Open-door policy will help sustain qualitative development
China remains committed to further opening up its economy despite the escalating trade frictions with the United States. So those who have doubts about China's future coarse can rest assured that China will stick to the road of reform and opening-up.
China's competitive advantage in foreign trade is based mainly on its low cost of production. Despite exports contributing a lot to its economic growth in the past decades, China has limited room for growth in the global trade of value-added goods.
In recent years, the cost of production for Chinese enterprises making export-oriented products has risen mainly because of the declining workforce, which has been an important factor for China's relatively low production cost and its export competitiveness for years. And the rising aging population has made matters worse for China's manufacturing sector.
Although the wages in China's manufacturing industry is still low compared with many countries and regions, their growth rate is faster than in developed countries such as the US and Japan.
Besides, since the labor cost is no longer as cheap as it was even a decade ago, China is gradually losing its competitive advantage in international trade. Also, geopolitical factors and the rise of green and low-carbon production concepts are putting increasing pressure on China's limited resources, with environment pollution and strict ecological norms complicating the matters further.
Despite China having enough resources and energy reserves, it is low on per capita energy and other resources, not least because it depends on imports to meet its demand for energy and other resources. Moreover, China's fast-paced industrialization and urbanization has increased the consumption of energy and other resources, so it has to increase its energy imports.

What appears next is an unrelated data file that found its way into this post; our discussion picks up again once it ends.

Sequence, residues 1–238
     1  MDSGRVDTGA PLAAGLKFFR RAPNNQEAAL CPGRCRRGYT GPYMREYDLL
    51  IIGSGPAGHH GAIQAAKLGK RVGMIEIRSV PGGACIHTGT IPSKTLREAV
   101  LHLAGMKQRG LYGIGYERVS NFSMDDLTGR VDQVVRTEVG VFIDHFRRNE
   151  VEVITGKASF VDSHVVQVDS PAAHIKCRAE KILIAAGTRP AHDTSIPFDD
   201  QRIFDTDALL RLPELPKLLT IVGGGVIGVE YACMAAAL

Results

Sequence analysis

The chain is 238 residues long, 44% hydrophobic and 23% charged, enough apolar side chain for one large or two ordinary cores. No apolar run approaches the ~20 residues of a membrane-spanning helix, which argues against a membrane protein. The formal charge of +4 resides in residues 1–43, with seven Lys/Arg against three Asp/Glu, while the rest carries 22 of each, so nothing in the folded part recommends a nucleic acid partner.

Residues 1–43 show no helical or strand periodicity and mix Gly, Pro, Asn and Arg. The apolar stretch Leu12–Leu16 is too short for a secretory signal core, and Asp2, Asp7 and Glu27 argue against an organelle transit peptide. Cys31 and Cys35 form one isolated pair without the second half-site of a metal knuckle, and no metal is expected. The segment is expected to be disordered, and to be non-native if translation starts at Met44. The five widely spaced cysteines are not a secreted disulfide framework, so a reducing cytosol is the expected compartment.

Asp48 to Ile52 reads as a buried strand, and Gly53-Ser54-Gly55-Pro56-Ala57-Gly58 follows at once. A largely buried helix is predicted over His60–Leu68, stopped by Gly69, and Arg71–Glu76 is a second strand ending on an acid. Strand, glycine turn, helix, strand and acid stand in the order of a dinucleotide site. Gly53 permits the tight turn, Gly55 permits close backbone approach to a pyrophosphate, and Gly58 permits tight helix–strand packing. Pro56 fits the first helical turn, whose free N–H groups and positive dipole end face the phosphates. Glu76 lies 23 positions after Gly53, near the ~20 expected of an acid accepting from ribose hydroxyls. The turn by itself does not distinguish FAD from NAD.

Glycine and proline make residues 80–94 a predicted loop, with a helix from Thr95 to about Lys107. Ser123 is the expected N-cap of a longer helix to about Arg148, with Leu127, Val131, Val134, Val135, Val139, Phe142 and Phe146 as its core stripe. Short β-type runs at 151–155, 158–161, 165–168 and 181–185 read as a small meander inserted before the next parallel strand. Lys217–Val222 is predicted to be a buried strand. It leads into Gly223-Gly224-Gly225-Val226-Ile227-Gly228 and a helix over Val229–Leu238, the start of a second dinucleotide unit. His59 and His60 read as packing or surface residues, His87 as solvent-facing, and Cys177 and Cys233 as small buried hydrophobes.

China is the biggest importer of gas, whose price has been rising in the international market due to geopolitical factors and changing supply-demand relations. So China has to import fuels at much higher prices to meet its domestic demand in the future.
China can further open up its economy by importing more commodities and services, which in turn will help it to improve its market mechanism and promote efficient resource distribution in accordance with the country's quest of high-quality development.
Furthermore, China's trade surpluses with its trading partners are the result of the international division of labor and industrial transfer. Developed countries divide production activities and services into several parts and transfer the production units to developing countries, while retaining the high-tech and high value-added links including design, packaging, logistics and marketing. And thanks to its competitive advantages in manufacturing, China has become the main outsourcing destination for developed countries' production units.
Moreover, by importing more foreign commodities and services, China can boost domestic consumption and explore new consumption markets, and thus improve people's livelihoods. Increasing imports can also help upgrade China's industrial structure, strike a better balance between China and its major trade partners, and create a good external environment for Chinese products to enter international markets－and therefore reduce trade conflicts.
Of course, increasing commodity and service imports will also increase the pressure of competition on domestic industries in the short run. But in the long run, they will help domestic industries to upgrade their technologies and improve their management, as well as promote market competition and make resource distribution more efficient.
And increasing import of foreign advanced equipment and cutting-edge technologies will boost China's innovation sector, and promote the sustainable growth of the national economy.
The author is a researcher at the Chinese Academy of International Trade and Economic Cooperation. The views don't necessarily represent those of China Daily.